Now Is the Month of Maying

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"Now is the Month of Maying"
Published 1595
Form Ballett
Composer(s) Thomas Morley
Lyricist(s) Orazio Vecchi (tr)
Language English

Now is the month of maying is one of the most famous of the English ballets (a light dancelike part song similar to a madrigal, frequently with a 'fa-la-la' chorus). It was written by Thomas Morley and published in 1595. It is based on the canzonet So ben mi ch'a bon tempo used by Orazio Vecchi in his 1590 Selva di varia ricreatione.[1]

The song delights in bawdy double-entendre. It is apparently about spring dancing, but this is a metaphor for sex. For example, a "barley-break" would have suggested outdoor sexual activity (rather like we might say a "roll in the hay"). The use of such imagery and puns increased during the Renaissance.[2]

The ballett forms a key part of Oxford's May Morning celebrations, where the choir of Magdalen College sing the verses from the roof of the college's Great Tower.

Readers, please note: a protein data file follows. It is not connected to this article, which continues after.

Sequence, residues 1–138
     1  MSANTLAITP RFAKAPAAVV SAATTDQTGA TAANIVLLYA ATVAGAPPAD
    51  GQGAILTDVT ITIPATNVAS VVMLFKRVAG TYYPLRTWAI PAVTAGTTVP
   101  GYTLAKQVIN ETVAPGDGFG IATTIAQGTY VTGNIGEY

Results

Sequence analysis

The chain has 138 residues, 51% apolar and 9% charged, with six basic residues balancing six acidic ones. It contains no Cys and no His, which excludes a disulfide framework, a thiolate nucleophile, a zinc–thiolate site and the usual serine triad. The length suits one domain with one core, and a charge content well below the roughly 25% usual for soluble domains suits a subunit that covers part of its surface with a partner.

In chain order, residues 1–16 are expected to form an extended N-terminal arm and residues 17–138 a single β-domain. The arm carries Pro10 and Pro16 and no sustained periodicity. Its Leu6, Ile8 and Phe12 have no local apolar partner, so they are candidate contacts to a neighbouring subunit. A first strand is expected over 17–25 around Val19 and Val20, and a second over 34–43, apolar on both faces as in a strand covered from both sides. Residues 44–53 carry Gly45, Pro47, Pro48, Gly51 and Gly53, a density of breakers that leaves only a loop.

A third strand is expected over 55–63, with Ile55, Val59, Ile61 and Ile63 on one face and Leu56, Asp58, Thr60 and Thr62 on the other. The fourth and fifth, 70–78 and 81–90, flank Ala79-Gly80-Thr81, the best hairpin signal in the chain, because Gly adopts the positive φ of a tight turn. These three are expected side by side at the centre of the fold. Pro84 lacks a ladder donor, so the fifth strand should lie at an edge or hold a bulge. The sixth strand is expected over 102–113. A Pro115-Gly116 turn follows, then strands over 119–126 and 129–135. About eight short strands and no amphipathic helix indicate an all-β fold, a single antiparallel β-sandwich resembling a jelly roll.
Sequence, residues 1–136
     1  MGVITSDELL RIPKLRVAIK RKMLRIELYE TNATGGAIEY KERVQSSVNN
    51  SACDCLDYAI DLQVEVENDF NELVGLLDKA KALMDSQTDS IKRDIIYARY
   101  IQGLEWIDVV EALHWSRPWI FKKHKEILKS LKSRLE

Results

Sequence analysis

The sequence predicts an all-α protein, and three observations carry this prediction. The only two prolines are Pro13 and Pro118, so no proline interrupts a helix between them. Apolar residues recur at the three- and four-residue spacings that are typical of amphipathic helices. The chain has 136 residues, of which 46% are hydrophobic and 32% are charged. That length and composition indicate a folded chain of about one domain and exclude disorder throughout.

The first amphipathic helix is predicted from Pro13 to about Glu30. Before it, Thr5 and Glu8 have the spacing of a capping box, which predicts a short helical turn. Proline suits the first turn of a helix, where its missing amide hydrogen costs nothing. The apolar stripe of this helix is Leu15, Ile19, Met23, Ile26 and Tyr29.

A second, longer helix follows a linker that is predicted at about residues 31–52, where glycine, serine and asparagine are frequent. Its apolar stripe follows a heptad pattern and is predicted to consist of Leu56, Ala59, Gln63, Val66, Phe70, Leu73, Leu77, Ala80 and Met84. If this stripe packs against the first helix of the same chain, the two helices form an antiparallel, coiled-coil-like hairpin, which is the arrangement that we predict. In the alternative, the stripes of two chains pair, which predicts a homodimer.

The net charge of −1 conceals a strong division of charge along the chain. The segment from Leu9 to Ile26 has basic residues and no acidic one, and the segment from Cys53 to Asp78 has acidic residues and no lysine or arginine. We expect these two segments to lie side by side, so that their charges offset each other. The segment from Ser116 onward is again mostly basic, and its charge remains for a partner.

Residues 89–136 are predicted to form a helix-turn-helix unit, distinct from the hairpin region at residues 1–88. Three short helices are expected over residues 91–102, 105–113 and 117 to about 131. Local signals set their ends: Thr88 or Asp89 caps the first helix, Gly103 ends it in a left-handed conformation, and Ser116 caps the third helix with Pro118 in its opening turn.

Now is the month of maying,
When merry lads are playing,
Fa la la la la la la la la,
Fa la la la la la lah.
Each with his bonny lass
Upon the greeny grass.
Fa la la, etc...

The Spring, clad all in gladness,
Doth laugh at Winter's sadness,
Fa la la, etc...
And to the bagpipe's sound
The nymphs tread out their ground.
Fa la la, etc...

Fie then! why sit we musing,
Youth's sweet delight refusing?
Fa la la, etc...
Say, dainty nymphs, and speak,
Shall we play barley-break?
Fa la la etc...


  1. ^ Phillip Ledger (ed) The Oxford Book of English Madrigals (1978) Oxford University Press, and co-issued recording, by Pro Cantione Antiqua
  2. ^ "Renaissance Love Songs Study Guide" by Prof. Paul Brians at Washington State University [1]